"But then what is the next problem? The challenge is not coming up with new technology, right? The challenge is how do we humans adapt to this technology, and put it to a good use? And, right now, so I've gone from hardware and software, Right now I'm most interested in what some people call wetware. How our brain works because all of these ideas t…
 
Alberto Savoia was Google’s first engineering director and is currently Innovation Agitator Emeritus, where, among other things, he led the development and launch of the original Google AdWords. He is the author of The Right It: Why So Many Ideas Fail and How to Make Sure Yours Succeed, a book that provides critical advice for rethinking how we lau…
 
After a brief ode to one Robert Francis O'Rourke and the coming crisis of millennial generational leadership, we slip into a bunch bigger and better topic - the right-wing case for fixing the US healthcare system. With Democrats unlikely to ever offer anything but a big-government solution, what does the free market, price transparent case for heal…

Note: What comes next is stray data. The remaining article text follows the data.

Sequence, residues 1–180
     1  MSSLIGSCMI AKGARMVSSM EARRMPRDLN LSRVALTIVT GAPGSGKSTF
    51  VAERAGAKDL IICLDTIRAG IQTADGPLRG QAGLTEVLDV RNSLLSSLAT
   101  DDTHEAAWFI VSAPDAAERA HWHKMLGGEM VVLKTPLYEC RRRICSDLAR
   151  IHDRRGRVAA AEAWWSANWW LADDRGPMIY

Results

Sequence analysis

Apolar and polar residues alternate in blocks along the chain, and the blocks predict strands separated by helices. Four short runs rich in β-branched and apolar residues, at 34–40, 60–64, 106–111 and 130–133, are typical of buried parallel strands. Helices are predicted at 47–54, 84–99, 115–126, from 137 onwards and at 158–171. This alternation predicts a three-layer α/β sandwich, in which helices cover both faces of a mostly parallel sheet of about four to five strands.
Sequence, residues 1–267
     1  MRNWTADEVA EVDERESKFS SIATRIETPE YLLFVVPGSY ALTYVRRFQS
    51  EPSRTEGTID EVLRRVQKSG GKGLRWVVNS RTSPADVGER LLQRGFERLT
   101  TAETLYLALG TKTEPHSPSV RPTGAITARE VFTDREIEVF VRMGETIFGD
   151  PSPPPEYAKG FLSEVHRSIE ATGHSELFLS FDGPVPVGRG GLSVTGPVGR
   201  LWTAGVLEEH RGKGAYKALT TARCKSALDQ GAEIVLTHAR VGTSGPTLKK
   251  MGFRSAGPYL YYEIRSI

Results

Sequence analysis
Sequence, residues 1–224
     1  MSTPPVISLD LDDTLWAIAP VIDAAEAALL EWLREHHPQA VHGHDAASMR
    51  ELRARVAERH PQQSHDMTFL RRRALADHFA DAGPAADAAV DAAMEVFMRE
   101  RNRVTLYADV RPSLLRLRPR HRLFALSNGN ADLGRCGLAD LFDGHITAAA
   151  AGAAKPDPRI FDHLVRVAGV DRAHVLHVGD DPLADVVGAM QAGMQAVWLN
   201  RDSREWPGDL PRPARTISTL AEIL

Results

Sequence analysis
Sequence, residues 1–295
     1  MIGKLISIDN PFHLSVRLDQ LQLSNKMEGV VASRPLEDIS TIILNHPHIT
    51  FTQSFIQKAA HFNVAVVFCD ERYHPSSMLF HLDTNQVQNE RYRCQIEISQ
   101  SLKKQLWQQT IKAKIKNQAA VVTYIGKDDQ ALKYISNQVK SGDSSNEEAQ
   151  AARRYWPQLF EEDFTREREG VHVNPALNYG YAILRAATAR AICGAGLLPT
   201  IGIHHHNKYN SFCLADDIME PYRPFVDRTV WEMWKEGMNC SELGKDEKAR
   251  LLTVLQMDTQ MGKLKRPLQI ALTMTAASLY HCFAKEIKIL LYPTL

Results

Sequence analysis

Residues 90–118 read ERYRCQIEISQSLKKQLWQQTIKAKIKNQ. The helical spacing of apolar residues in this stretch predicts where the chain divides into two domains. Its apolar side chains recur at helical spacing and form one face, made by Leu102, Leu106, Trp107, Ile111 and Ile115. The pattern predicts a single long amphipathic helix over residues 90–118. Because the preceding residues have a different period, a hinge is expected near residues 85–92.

Excuse our delay in posting this part 2 - we had to swap podcast providers as we've joined the Auddy.co podcast network and had some issues with this move. In a slightly different format to normal, today we have part 2 in a discussion around the role that work should have in our lives. Should jobs that make us have to choose between doing good and …
 
"I think actually it's not that complex. Complexity is a racket for not wanting to act. Whole institutions try to generate complexity so everybody can become and maintain business as usual. It's not so complex because, in the end, there's just one planet Earth we live on. It's hard to get to Mars. That's that. And so how can we thrive within that p…
 
Mathis Wackernagel is Co-founder and President of Global Footprint Network. He created the Ecological Footprint with Professor William Rees at the University of British Columbia as part of his Ph.D. in community and regional planning. Mathis also earned a mechanical engineering degree from the Swiss Federal Institute of Technology. Mathis has worke…